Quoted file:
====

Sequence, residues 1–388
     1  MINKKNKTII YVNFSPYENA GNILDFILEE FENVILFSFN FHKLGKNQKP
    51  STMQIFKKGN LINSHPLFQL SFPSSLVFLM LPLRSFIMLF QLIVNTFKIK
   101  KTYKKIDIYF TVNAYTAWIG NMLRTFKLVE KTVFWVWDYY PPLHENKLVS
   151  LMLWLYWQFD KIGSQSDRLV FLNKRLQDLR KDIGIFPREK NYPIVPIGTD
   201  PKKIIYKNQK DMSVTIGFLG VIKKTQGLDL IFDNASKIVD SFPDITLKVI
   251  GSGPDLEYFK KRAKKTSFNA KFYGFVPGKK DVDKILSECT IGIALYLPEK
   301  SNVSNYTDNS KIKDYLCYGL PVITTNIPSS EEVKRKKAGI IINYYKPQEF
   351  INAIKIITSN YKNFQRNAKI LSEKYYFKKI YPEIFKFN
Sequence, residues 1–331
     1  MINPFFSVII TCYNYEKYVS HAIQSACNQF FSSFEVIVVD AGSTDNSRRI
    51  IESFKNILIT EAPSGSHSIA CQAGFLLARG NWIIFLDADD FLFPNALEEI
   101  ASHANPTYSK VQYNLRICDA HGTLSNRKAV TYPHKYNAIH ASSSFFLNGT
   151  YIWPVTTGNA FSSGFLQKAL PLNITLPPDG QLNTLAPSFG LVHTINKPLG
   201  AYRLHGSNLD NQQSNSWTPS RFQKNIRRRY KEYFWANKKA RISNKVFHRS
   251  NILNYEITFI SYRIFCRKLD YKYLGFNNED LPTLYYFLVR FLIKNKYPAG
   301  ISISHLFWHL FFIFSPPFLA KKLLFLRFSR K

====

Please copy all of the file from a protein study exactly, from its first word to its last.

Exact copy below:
Sequence, residues 1–388
     1  MINKKNKTII YVNFSPYENA GNILDFILEE FENVILFSFN FHKLGKNQKP
    51  STMQIFKKGN LINSHPLFQL SFPSSLVFLM LPLRSFIMLF QLIVNTFKIK
   101  KTYKKIDIYF TVNAYTAWIG NMLRTFKLVE KTVFWVWDYY PPLHENKLVS
   151  LMLWLYWQFD KIGSQSDRLV FLNKRLQDLR KDIGIFPREK NYPIVPIGTD
   201  PKKIIYKNQK DMSVTIGFLG VIKKTQGLDL IFDNASKIVD SFPDITLKVI
   251  GSGPDLEYFK KRAKKTSFNA KFYGFVPGKK DVDKILSECT IGIALYLPEK
   301  SNVSNYTDNS KIKDYLCYGL PVITTNIPSS EEVKRKKAGI IINYYKPQEF
   351  INAIKIITSN YKNFQRNAKI LSEKYYFKKI YPEIFKFN
Sequence, residues 1–331
     1  MINPFFSVII TCYNYEKYVS HAIQSACNQF FSSFEVIVVD AGSTDNSRRI
    51  IESFKNILIT EAPSGSHSIA CQAGFLLARG NWIIFLDADD FLFPNALEEI
   101  ASHANPTYSK VQYNLRICDA HGTLSNRKAV TYPHKYNAIH ASSSFFLNGT
   151  YIWPVTTGNA FSSGFLQKAL PLNITLPPDG QLNTLAPSFG LVHTINKPLG
   201  AYRLHGSNLD NQQSNSWTPS RFQKNIRRRY KEYFWANKKA RISNKVFHRS
   251  NILNYEITFI SYRIFCRKLD YKYLGFNNED LPTLYYFLVR FLIKNKYPAG
   301  ISISHLFWHL FFIFSPPFLA KKLLFLRFSR K